If you’re in the UK, you may have heard a new craze in the lead up to the University Challenge Final. I am, of course, talking about Monkmania – the love of Eric Monkman; Economics student, head of Wolfson College, Cambridge’s UC team and all-round genius. His eager attitude, facial expressions and sheer brainpower have won over the country.
Now, I’m not naïve enough to believe that all the attention Monkman has garnered is positive; in fact, most probably like him “ironically”. They love to mock him, rather than genuinely love him. He’s a novelty that they’re probably already bored of at the time of publishing this. I put it to you, however, that this sudden wave of attention for University Challenge, Monkman himself and academia in general, could be good.
As Michael Gove famously said, the British have supposedly “had enough of experts”. While Gove will never in a million years speak for or represent me personally, he has a point. In order to get people to listen, they have to engage and be engaged. The fact is, society is tired of facts. No one wants to listen to someone they can’t relate to spouting figures and statistics when they could go to the guy shouting passionately on the next stand – even if he’s talking utter shite. The Trump presidency, Brexit, and Nigel Farage’s new radio show all prove one thing; the people follow their hearts before their heads. We are slowly becoming like the It’s Always Sunny in Phildelphia gang; whoever shouts the loudest wins. The only difference is that this isn’t satire. It’s real life. Politicians, celebrities and yes I’ll admit, bloggers are listened to more closely than those who are actually qualified to talk about whatever it is they’re spouting on about. (Believe me I get the irony at play here.)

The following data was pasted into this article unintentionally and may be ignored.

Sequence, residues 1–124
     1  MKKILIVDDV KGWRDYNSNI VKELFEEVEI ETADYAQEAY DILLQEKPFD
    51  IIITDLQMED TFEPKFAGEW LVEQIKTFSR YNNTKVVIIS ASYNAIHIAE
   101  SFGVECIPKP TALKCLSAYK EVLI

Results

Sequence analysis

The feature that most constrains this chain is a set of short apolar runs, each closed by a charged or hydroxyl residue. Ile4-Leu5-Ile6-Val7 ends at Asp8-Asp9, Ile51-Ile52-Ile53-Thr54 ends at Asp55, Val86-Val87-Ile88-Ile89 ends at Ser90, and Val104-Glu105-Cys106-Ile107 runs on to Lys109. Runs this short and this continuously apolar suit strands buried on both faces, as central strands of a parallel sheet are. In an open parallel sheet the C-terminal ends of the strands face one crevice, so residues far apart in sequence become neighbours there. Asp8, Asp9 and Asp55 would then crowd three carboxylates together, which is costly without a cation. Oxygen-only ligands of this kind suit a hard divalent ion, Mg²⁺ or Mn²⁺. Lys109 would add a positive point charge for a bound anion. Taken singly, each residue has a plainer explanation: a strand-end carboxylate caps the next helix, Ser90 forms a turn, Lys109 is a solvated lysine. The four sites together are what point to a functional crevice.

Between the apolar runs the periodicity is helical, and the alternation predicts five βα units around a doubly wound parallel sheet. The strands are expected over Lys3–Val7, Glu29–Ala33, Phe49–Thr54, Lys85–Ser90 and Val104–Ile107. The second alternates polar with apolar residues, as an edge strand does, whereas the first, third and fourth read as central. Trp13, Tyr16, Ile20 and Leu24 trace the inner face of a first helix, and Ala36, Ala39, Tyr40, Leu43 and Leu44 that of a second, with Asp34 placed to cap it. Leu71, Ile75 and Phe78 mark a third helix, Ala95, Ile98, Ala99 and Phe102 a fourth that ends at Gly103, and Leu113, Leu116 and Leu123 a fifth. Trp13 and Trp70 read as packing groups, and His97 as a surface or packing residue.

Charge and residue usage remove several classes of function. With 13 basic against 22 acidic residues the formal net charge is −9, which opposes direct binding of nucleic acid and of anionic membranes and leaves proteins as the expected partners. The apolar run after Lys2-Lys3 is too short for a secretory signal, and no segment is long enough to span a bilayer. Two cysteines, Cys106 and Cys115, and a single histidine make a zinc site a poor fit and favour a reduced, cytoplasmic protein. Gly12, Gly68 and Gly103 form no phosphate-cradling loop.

We need to build a relationship with experts again, and in order to do that our view of ‘experts’ needs a facelift. Could Monkman’s Spongebob Squarepants eager-beaver grin help? The UK is marvelling over this Canadian fount of knowledge and I can’t help but hope this will be positive. I’m not saying Monkmania will solve the world’s problems, but this kind of narrative is a start. Monkman and the other University Challenge contestants who have been in the limelight this season (Bobby Seagull, Sophie Rudd) represent the new generation of experts, and who wouldn’t put their trust in this face?
I don’t know about you, but in a world full of Trumps, I’d rather trust the Monkman.
See you soon,
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3 thoughts on “Can Monkmania Change Views On Academia?”
I’ve heard about this. Honestly, I think his intelligence is super attractive in a platonic manner. The thing that I found appealing about him is how excited he is to just be a fountain of knowledge and how happy he is just to be a product of learning. That’s, seriously, my aesthetic.
I’m also interested in seeing how this progresses. I absolutely agree that we need to be more in tuned with experts. We learn from experts as much as they learn from us and it would be great to get back into the mentality of appreciating experts.
Lovely post as usual, lovely. ♡
♡ mchi | http://blog.mchiouji.me ☆彡
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That’s exactly it, I love how excited he is about knowledge! I have another post in the making on a similar topic though so I didn’t want to discuss it much in this one. Thank you for reading lovely!